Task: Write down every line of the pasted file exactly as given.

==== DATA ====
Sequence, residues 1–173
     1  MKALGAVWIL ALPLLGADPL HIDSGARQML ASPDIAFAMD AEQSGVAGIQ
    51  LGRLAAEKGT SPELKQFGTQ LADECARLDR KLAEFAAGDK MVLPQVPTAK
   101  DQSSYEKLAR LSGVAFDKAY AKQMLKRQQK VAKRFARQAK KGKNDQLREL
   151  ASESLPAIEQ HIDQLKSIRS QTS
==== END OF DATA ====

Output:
Sequence, residues 1–173
     1  MKALGAVWIL ALPLLGADPL HIDSGARQML ASPDIAFAMD AEQSGVAGIQ
    51  LGRLAAEKGT SPELKQFGTQ LADECARLDR KLAEFAAGDK MVLPQVPTAK
   101  DQSSYEKLAR LSGVAFDKAY AKQMLKRQQK VAKRFARQAK KGKNDQLREL
   151  ASESLPAIEQ HIDQLKSIRS QTS